Attempted Prophecies: Mischief in law


Chief in law

Series of millennia ago, when Britain was but a land of barbarians, the prostitute male inviting endless solicitations, an easy and free ground inviting foreign conquests—series and series of conquests in fact…Those centuries when Caesar treated Britain like bonus lands for conquests in his incessant attempts at conquering Gaul… Leaving Rome, he would ‘kraa’ the people around him, saying, “I am headed for Gaul to defeat the land. I might just pass by Britain when I have free time left—who knows.” Those centuries when Caesar’s distracted destructive poking and prodding of England left the land further atop the list of territories for conquistadors to watch… Emperor Claudius also of Rome, inspired by Caesar, was to in 43 AD invade England. And for almost 400 years, the land remained under Roman rule.

Yet as time went on, slowly but surely the Roman empire, itself, fell. So then, a retreat from the land of the Brits ensued. Britain was at last free. You would think.

Before the Romans could get to packing and leaving the Brits free, the Anglo Saxons were knocking forcefully on England’s door. So back to square one, the Brits found themselves once again under colonial rule. From the 5th all the way to the 11th century, the Anglo Saxons ruled England. For six whole centuries, they ruled the British people. Their reign could have continued, possibly endlessly, had it not been for William.

In the year 1066, Normans proceeding from northern France, in an area called Normandy, led by their king, William, Duke of Normandy, set sail for Britain. With conquering and ruling on their minds, they set sail for this very much prodded land of the Britons. Their quest of conquest was realised, and William of Normandy became William the Conqueror. He ruled with an iron fist, and set about morphing England, then a series of differing tribes who cohabitated, into a singular unit—a nation.

Let There Be Law

So then, the law. How does one rule if there are no laws to keep a people in check? How does one make piecemeals into a whole if there are no singular laws, a singular yardstick by which to hold all the people to? Also, what at all are laws? How do they emerge? Where does a person go to find them so as to utilise them in this bid at ruling a people? William the Conqueror needed to rule over the people of England with the law. But where does William go in search of it?

Trouble preceded the law. Wherever two or more people meet, you have in their midst, squabbles. So, the British people, going about their act of living, from time to time had their toes stepped on by one another. The King then became to them, that parent to whom they went complaining—to whom they went in search of relief. The King, he appointed aids, wise men who would serve as additional ears for these complaints, for how much blabber can one person take? As these complaints kept pouring in, a body of law was slowly forming. A mechanical enacting of cause and effect ensued with each case heard. They became standardised, formalised, and laid down—with differing solutions given to differing problems. And when the matter at hand were the same or similar, same or similar solutions were proffered for them. And just like that, this crucial thing that we call judicial precedent emerged.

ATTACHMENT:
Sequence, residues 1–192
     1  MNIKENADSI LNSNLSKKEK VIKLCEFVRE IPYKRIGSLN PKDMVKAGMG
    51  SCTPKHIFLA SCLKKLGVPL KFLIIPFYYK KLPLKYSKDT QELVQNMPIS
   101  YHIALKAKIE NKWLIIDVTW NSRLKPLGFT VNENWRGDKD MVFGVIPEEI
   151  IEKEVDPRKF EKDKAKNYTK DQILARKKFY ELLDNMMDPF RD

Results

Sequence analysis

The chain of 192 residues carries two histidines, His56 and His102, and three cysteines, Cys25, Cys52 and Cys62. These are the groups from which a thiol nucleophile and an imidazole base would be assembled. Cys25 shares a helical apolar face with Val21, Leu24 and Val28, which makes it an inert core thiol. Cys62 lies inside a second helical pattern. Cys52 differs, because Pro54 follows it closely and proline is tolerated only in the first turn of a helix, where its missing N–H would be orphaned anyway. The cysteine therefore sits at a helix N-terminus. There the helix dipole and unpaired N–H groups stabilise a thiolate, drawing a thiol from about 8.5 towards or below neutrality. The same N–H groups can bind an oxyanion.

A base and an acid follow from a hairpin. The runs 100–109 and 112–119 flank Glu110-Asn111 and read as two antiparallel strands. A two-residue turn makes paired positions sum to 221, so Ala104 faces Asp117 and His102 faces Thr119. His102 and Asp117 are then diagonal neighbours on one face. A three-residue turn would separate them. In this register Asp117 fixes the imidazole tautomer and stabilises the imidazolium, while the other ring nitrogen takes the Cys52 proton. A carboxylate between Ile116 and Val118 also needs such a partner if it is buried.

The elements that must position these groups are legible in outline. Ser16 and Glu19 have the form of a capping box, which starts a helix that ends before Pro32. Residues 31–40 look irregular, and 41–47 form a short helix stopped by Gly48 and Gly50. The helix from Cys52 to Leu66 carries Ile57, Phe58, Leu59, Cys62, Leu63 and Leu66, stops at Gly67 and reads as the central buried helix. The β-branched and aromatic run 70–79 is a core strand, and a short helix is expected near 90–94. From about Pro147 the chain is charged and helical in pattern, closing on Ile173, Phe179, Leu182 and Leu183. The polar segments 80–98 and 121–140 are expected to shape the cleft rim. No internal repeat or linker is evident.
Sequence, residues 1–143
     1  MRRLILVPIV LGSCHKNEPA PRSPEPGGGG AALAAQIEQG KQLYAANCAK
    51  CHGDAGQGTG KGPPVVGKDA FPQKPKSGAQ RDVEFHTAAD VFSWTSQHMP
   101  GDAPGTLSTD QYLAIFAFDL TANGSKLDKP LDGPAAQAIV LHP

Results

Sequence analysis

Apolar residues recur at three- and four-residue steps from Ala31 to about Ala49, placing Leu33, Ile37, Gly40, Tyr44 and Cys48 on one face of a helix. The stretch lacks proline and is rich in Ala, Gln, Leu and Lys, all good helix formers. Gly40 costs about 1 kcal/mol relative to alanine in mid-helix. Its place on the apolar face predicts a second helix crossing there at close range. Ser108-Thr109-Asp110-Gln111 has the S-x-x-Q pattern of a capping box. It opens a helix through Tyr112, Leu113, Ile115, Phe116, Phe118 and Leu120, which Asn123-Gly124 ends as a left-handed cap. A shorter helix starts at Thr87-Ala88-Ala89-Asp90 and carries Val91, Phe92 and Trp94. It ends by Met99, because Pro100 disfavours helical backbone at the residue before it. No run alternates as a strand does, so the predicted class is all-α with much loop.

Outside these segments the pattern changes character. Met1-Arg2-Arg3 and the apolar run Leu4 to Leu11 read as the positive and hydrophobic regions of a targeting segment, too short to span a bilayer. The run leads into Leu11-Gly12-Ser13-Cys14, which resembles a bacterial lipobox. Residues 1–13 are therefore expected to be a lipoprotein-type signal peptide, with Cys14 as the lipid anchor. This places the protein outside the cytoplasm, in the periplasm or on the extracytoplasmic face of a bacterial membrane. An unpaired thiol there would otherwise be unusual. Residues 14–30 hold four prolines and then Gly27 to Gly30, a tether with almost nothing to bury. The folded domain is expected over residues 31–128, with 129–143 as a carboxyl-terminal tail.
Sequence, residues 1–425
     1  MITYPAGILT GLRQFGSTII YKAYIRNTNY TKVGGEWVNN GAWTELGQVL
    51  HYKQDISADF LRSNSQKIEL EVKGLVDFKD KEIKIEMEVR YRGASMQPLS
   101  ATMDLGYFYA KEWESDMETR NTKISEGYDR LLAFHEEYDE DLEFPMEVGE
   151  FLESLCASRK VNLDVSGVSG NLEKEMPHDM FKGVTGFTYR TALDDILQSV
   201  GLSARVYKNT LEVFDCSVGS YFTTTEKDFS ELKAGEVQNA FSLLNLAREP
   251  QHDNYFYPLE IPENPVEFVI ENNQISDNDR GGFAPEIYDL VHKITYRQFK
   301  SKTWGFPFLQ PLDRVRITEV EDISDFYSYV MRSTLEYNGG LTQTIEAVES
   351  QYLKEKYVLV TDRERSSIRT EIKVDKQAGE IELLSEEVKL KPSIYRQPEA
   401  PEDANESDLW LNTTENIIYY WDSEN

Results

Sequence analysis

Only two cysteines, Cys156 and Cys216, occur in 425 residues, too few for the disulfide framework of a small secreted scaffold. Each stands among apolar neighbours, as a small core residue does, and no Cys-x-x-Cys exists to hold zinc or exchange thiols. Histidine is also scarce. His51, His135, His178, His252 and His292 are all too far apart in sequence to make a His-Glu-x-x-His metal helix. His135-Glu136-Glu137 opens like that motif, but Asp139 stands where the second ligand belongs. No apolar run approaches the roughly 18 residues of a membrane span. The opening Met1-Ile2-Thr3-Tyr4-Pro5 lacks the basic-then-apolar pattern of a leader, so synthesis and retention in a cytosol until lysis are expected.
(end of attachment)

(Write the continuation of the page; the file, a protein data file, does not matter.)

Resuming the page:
As these complaints kept pouring in, judicial precedents kept piling up, a system of courts and hierarchies thereof began forming. The law did not fall down from heaven unto the laps of the King and heads of the people of Britain. Rather, the law was formed from the very ground up—from experience, from the people—day in, day out. So, it is apt that this legal system is dubbed the ‘common law’ system. A system which, with colonisation, interestingly by these same English people (former colonisees themselves) spread to a vast majority of the world… our own country inclusive.

This cramped up reading into the history of our common law system reveals this fact: the sheer power and importance of the courts. The courts predate the law itself. In the common law family, a system of which we form a part, the law emanated from the courts. The courts, they orchestrated, decided upon what the law ought to be. We owe the law what it is now to the courts. The courts, they are a powerful thing—powerful thing, I tell you.

If we are to contrast the present with history, what we discover is that the courts was in the past, the executive, the legislature, and judiciary all combined. This demonstration of the courts’ power is a demonstration first of their sheer responsibility. But of course, as the centuries went by, realising the indispensable abuse such enormous power ultimately wields in the bearer, the concept of separation of powers emerged.  Yet, this power and privilege of having the law resting in their bosoms remains intact. In interpreting the law, the courts in the end become the ultimate determiner of what the law is. Such power! This is a power to be guarded, guided, and scrutinised jealously.

The Facts at Hand

Let us for a moment strip ourselves off the knowledge of the matter at hand. The very contentious political background that led one Justice Abdulai to bring the matter of the voting rights of the Deputy Speaker before the Supreme Court, praying that this superior court exercises its power and original jurisdiction of Constitutional interpretation as donned it by Articles 2 and 130 of the 1992 Constitution.

We know that there has been some sort of musical chairs wahala ensuing in Parliament, concerning specifically, the passing of a new law—the e-levy law. This is a very contentious subject matter. Because more taxes for well-fed people are controversial; how much more same, for a hungry group of people? So, blinded by this infamous e-levy bill, how are we to see the law clearly? Especially when the law itself, in this case, is not in its most literal of forms—arguably.